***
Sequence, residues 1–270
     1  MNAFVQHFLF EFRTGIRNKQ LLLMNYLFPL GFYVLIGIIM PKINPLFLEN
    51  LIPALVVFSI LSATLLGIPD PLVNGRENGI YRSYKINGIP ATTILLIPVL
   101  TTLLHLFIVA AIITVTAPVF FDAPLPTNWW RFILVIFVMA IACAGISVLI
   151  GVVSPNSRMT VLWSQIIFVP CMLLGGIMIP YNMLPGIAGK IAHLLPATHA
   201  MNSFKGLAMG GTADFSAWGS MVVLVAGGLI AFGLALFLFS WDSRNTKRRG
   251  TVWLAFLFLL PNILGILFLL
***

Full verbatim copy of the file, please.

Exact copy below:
Sequence, residues 1–270
     1  MNAFVQHFLF EFRTGIRNKQ LLLMNYLFPL GFYVLIGIIM PKINPLFLEN
    51  LIPALVVFSI LSATLLGIPD PLVNGRENGI YRSYKINGIP ATTILLIPVL
   101  TTLLHLFIVA AIITVTAPVF FDAPLPTNWW RFILVIFVMA IACAGISVLI
   151  GVVSPNSRMT VLWSQIIFVP CMLLGGIMIP YNMLPGIAGK IAHLLPATHA
   201  MNSFKGLAMG GTADFSAWGS MVVLVAGGLI AFGLALFLFS WDSRNTKRRG
   251  TVWLAFLFLL PNILGILFLL